Drink tree sap!

IN

My lightbulb moment that there were bigger trees to tap and drink than my loyal birches came moments too late for me to taste the sap of my new loves this year. Their sap had flowed, their buds were filled out. But now I know there’s a whole new array of trees to drink from I’m quite happy to wait until next time, and next time I’ll be seeking out these trees:

Lime Tree sap (Linden Tree) – with its tropical & honeyed flavoured flowers & leaves, seeds that turn into chocolate flavoured pods, Linden is at the top of my list for next years tapping.

Alder sap – astringent & tannin rich; people have turned their noses up at its dark sap because it is bitter…That makes it all the more alluring..

Walnut sap – Dina Falconi, author of Foraging & Feasting: A Field Guide and Wild Food Cookbook, claims walnut sap syrup is “It’s slightly astringent and bitter, so it’s not a mainstream flavor,” it sounds like a great flavour to me.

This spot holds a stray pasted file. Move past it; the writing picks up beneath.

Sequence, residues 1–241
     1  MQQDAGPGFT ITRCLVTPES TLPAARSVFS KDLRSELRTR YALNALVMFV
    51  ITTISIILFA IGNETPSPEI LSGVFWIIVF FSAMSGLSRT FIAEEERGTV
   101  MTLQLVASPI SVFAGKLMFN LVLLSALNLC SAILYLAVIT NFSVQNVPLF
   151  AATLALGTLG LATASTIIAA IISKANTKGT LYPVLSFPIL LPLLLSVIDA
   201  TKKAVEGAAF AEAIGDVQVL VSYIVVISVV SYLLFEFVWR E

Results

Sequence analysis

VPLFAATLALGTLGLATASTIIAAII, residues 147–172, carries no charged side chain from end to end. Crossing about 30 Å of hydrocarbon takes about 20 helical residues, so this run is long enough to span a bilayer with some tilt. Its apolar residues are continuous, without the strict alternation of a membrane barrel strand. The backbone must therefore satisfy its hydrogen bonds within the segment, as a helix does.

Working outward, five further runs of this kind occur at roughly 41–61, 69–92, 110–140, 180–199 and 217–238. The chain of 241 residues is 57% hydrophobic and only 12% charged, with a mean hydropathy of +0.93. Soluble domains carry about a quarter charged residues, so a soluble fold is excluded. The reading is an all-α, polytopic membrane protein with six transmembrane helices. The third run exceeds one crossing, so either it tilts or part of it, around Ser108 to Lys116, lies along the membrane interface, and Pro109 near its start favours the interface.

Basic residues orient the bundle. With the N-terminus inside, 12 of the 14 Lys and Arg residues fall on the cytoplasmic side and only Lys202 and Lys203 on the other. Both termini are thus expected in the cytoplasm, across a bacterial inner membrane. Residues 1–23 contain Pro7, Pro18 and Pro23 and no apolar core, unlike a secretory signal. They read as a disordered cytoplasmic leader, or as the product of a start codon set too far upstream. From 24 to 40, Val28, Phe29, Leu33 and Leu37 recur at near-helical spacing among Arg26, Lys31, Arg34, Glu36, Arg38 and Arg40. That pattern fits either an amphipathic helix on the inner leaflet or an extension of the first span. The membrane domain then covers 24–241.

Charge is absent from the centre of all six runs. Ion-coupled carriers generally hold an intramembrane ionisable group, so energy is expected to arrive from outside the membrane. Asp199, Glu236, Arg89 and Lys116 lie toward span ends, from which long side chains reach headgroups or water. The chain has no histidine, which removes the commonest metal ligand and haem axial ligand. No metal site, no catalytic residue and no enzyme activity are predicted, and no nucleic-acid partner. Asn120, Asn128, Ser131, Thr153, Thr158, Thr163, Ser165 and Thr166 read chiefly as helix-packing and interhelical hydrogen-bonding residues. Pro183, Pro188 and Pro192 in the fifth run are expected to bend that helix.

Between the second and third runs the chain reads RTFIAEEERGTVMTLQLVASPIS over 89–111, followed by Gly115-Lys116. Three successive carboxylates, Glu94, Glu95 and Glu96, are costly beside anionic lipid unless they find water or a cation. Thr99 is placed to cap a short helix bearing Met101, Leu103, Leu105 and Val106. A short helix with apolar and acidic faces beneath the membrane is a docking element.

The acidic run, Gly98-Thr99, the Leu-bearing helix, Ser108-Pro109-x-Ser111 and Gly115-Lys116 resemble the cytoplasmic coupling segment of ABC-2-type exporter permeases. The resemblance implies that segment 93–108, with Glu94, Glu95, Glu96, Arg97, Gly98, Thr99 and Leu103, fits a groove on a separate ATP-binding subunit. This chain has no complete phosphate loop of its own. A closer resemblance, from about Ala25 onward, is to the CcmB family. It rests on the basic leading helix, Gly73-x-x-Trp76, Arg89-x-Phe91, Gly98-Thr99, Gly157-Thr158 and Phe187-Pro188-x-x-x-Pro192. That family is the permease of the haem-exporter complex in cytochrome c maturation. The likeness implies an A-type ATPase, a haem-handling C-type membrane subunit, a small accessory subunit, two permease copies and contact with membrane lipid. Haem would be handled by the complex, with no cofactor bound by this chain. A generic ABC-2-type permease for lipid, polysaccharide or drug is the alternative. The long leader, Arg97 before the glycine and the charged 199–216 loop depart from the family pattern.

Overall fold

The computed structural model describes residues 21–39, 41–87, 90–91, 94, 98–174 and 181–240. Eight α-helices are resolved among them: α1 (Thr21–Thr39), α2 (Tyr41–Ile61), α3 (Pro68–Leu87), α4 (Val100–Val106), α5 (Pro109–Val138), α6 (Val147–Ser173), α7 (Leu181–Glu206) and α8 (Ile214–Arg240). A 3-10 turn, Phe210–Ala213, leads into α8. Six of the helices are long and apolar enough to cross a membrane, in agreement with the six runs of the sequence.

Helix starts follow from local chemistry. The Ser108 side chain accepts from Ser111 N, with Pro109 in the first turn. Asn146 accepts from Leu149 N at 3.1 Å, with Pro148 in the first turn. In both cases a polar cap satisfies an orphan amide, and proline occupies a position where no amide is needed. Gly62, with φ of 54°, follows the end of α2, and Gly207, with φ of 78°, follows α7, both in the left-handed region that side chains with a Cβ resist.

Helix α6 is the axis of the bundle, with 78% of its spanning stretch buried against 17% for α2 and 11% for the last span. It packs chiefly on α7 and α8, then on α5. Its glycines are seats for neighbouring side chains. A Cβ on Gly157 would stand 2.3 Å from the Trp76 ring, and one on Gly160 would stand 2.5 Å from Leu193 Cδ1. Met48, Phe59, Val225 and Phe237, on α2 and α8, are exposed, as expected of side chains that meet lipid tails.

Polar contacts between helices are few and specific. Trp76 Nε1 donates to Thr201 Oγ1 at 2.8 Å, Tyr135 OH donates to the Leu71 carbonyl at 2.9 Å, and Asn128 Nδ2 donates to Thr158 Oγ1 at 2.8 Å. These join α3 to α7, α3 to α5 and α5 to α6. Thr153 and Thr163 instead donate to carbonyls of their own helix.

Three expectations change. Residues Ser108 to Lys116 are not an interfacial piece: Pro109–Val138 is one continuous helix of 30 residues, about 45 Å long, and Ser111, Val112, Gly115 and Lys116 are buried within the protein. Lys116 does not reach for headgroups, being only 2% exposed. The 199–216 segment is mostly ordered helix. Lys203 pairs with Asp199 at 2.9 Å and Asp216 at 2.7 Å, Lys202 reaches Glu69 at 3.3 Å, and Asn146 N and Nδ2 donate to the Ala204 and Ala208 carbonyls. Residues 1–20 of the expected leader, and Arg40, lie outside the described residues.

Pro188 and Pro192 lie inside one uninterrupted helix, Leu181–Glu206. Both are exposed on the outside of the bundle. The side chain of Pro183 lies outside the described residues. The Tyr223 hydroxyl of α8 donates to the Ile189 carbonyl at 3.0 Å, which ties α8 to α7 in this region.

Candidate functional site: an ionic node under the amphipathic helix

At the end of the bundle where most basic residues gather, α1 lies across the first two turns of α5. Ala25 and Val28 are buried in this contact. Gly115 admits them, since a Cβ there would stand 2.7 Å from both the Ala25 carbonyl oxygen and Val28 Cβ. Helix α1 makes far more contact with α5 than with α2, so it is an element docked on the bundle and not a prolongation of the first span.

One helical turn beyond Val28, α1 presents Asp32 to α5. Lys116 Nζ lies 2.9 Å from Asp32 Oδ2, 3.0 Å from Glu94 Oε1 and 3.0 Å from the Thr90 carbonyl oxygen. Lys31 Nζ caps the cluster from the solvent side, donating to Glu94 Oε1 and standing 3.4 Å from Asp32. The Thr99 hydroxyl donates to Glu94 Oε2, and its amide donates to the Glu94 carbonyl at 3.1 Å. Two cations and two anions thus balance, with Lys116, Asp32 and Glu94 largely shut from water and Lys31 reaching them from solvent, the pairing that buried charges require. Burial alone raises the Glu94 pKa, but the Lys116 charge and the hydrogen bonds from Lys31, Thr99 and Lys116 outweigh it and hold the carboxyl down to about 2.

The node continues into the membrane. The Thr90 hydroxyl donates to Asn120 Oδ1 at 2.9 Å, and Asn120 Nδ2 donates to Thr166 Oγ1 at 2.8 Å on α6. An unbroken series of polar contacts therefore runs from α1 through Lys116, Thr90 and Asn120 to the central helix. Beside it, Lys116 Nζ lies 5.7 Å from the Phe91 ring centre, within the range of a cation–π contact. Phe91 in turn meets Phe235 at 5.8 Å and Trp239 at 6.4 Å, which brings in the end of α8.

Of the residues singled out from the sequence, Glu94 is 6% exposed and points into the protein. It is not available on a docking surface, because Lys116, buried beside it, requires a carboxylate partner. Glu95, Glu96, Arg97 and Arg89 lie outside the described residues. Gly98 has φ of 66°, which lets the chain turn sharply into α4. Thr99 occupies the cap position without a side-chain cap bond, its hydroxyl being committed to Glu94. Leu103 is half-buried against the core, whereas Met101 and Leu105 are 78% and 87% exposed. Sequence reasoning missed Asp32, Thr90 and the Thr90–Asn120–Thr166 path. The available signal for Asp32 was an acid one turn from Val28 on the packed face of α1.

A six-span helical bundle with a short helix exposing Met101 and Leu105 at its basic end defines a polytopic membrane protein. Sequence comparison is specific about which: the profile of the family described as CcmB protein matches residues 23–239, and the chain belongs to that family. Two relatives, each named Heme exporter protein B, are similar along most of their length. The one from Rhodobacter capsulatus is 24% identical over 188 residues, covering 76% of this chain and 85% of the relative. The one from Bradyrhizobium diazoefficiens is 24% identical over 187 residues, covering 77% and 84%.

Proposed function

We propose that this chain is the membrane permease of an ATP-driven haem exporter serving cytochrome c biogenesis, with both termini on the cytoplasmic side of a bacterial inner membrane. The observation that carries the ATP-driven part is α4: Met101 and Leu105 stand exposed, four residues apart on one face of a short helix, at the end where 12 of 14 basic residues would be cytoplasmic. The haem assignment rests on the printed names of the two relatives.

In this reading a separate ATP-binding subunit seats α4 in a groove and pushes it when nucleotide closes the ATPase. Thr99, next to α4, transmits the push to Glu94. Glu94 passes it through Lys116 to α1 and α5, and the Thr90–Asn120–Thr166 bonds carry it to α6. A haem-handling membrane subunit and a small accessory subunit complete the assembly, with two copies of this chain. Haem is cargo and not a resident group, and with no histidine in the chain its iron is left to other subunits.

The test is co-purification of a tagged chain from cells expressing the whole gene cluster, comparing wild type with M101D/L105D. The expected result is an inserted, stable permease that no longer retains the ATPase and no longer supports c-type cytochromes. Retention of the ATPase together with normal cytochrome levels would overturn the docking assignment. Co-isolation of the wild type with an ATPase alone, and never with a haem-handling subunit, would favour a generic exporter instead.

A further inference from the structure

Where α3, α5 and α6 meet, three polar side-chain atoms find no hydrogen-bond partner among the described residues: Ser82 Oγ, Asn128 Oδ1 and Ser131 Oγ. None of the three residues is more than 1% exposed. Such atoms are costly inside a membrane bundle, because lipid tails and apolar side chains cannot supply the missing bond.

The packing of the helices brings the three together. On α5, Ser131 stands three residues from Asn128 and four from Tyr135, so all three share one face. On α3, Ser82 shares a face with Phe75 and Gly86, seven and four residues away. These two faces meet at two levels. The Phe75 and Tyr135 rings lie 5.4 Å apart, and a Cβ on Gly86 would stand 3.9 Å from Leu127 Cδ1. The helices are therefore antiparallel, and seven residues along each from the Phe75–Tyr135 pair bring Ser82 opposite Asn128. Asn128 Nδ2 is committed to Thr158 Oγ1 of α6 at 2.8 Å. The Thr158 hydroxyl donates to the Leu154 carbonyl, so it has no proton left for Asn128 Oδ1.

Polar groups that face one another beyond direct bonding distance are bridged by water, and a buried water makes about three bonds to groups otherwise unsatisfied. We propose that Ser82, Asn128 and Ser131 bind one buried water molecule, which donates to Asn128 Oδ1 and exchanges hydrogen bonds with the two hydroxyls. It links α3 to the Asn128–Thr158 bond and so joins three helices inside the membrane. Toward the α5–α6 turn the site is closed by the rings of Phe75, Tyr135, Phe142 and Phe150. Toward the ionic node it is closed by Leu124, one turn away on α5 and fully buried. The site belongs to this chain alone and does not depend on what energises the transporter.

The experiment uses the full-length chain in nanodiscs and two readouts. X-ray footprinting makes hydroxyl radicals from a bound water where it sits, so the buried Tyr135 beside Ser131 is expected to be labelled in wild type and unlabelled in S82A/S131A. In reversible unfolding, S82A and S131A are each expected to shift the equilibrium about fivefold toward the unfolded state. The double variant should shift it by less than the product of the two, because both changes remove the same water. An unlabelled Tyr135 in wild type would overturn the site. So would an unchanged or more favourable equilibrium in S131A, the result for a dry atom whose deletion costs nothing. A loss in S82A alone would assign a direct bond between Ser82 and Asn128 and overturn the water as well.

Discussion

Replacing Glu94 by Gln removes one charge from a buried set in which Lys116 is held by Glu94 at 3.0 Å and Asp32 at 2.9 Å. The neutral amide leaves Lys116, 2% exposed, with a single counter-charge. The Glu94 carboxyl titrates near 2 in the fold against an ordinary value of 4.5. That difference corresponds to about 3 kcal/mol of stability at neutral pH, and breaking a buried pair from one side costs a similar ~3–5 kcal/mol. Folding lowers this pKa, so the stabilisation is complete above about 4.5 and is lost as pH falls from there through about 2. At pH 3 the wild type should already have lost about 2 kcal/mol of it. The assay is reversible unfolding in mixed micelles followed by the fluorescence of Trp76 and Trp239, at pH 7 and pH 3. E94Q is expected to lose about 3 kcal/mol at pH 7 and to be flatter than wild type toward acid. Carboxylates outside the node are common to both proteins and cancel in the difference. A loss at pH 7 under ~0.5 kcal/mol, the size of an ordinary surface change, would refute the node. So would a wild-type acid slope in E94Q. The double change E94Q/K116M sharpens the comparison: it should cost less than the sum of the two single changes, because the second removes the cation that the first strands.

Hickory sap – not native to the UK, but if you can find it it yields a sap people rave about. If you can’t wait until next spring for the annual rise, you can make a syrup with the bark of hickory which is full of vanilla, smoky flavours.

The Agroforestry Trust is a great source of further information about trees you can tap for sap & sells seeds of trees such as hickory if you’d like an even longer wait for your sap collection..

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